The lynchpin of that experience would be the consumer’s ability to use Amazon Pay in a merchant app — Whole Foods — to track and manage their grocery purchases. And a virtual assistant that can also remind consumers when it’s time to reorder and offer suggestions on products to try.
It could even lead to becoming a template for how Amazon Pay and merchant-powered apps and experiences could play out in other verticals.
Letting Amazon Pay the Check
Then there’s food ordered from restaurants.
I admit that I had high expectations of Amazon Restaurants when it was announced in 2015.
Wait, was that four years ago already? Time flies.
It seemed like a no-brainer to me — an opportunity for Amazon users and restaurant brands to create an order-ahead and delivery experience without having to download a branded restaurant app or use an aggregator — all from the Amazon site.
It also happened to be a retail category where Amazon as a competitor wasn’t much of an issue, but where Amazon as potential commerce-enabler using Amazon Pay might be viewed as a positive.
It was also a time when order-ahead and delivery was just gaining steam, even though Seamless and Grubhub had been at it for more than a decade. In 2015, Uber Eats was a year old, Postmates was four and DoorDash was two.
Over those four years, it has been reported that Amazon has attracted more than 7,000 restaurantsto its platform.
But that’s peanuts compared to the competition.
Uber Eats and DoorDash each count 200,000 establishments worldwide; Grubhub has 105,000 across 2,000 U.S. cities. Meanwhile, Amazon Restaurants shut down its service in the U.K. in 2018, claiming strong competitive headwinds.
The Worldpay partnership could reverse that course at a point in time when market dynamics around restaurant ordering and payment are now more clear, and restaurant operators are feeling the pressure to make some tough decisions.
Today, restaurant operators are dealing with their own version of what retail has dubbed the “Amazon experience.” Aggregators like Uber Eats, Grubhub and DoorDash sit between the restaurant brand and their customer, where they believe their customer relationships are in jeopardy.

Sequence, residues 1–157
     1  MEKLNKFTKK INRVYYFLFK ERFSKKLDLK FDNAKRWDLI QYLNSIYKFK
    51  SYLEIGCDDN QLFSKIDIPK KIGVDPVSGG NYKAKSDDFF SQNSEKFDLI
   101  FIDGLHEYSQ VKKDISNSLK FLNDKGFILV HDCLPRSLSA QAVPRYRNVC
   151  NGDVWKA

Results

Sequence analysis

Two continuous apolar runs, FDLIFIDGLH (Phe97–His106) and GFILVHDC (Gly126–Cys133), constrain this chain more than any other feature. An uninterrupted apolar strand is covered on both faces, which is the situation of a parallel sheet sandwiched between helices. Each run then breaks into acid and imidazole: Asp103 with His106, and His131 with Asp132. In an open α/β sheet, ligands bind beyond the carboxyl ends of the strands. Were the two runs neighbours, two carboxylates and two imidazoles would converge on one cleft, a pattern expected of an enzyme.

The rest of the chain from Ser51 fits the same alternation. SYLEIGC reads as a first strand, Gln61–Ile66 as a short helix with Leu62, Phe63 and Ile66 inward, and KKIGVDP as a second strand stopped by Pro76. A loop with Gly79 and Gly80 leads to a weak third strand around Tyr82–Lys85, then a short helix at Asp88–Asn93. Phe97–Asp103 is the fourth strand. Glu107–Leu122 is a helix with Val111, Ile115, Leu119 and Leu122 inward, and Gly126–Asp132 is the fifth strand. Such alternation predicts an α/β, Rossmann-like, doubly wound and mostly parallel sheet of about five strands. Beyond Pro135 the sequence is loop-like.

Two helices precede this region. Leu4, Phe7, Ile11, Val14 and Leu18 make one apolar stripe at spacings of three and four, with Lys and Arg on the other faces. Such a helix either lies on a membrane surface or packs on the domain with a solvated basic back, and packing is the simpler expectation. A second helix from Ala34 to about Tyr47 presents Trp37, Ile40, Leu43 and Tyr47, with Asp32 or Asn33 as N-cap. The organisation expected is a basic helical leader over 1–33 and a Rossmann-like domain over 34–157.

These operators now find themselves caught between the proverbial rock and a hard place, as they balance the need to acquire new customers and the risk of not being present on the platforms where their competition lies, or not having the ability to provide a convenient ordering and delivery experience using a customer-focused intermediary.
Today, many restaurant operators hold their noses and hope for the best.
Could the “best” could come in the form of a Worldpay, Amazon pay partnership?
Maybe. And who knows in what format. There are innovators, including some of the existing aggregators and order ahead platforms, that all recognize the issues facing restaurant operators and are crafting solutions to give restaurants better customer-centric alternatives — particularly those that help restaurants preserve their brand affinity and loyalty options with their customers. Working in combination with those players could ignite a new “Eats” platform that brings all of those respective assets to restaurants and their customers.
It’s also not such a crazy idea. Reinventing categories using payments is what Amazon does. Amazon Pay and Worldpay also come with installed bases on either side of the restaurant order and pay platform — users with payment credentials and restaurants and POS systems enabled to accept Amazon Pay, It’s also where some restaurant operators already have their heads.
Our latest Restaurant Readiness Index surveyed QSR operators and consumers about their satisfaction with and preferences for payment types used at those establishments. Nearly three-quarters of those operators expressed a preference for Amazon Pay, as did half of the 2,000 consumers we surveyed.
Only debit, credit, cash, gift cards and QSR prepaid cards fared higher, in a sector where very few establishments even accept Amazon Pay today.
Hungry for Disruption
Food is a category that is being disrupted in its own right.
The lines are blurring every which way around how and where food is purchased, and how and where it is consumed.
There are fewer bright lines between consumer spend on food purchased at the grocery store, to eat at home, and consumer spend on food purchased outside of the home to be eaten at a restaurant. It’s all now just food.
Innovations in apps, tech and digital payments have introduced the consumer to new ways to payfor food, and new options for where it is ordered and eaten. Prepared foods bought in the grocery store bite into restaurant and traditional grocery food spend. Further, it’s been reported that 63 percent of all food purchased from a restaurant isn’t eaten there. Naturally, that includes food purchased at QSRs where most people take their order away, but increasingly includes order-ahead for food to be picked up or delivered to be eaten at home.
Food, and restaurants in particular, is where we’ve seen some of the most interesting payments innovations happen for the same reasons Jeff Bezos targeted books 24 years ago: Everybody eats, and they usually do so at least three times a day.
The purchase frequency, loyalty and habituation that has created — and the need to eliminate friction by building convenience into the order and payments experience — has given us a real-time look into how consumers are, or are not, using mobile and digital payments to order and pay, and into what it takes to build the unbreakable habits of loyalty and brand affinity.
Could Amazon Pay, together with Worldpay, use food and the universal appeal that it has to reinvent how consumers order and buy food?
And with it, deliver the same consumer experience across those commerce endpoints — commerce without the need to stick “omni” in front of it?
Only time will tell.